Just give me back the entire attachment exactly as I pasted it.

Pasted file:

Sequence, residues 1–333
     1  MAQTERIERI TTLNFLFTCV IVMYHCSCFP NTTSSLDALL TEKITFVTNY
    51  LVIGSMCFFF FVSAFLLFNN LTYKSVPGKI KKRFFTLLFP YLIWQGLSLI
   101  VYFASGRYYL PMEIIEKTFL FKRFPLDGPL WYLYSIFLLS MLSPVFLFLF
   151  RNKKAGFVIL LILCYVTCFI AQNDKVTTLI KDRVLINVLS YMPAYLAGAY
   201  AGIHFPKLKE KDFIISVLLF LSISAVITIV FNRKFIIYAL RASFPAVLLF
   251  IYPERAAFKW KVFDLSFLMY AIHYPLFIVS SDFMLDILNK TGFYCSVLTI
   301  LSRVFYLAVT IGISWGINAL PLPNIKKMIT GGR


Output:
Sequence, residues 1–333
     1  MAQTERIERI TTLNFLFTCV IVMYHCSCFP NTTSSLDALL TEKITFVTNY
    51  LVIGSMCFFF FVSAFLLFNN LTYKSVPGKI KKRFFTLLFP YLIWQGLSLI
   101  VYFASGRYYL PMEIIEKTFL FKRFPLDGPL WYLYSIFLLS MLSPVFLFLF
   151  RNKKAGFVIL LILCYVTCFI AQNDKVTTLI KDRVLINVLS YMPAYLAGAY
   201  AGIHFPKLKE KDFIISVLLF LSISAVITIV FNRKFIIYAL RASFPAVLLF
   251  IYPERAAFKW KVFDLSFLMY AIHYPLFIVS SDFMLDILNK TGFYCSVLTI
   301  LSRVFYLAVT IGISWGINAL PLPNIKKMIT GGR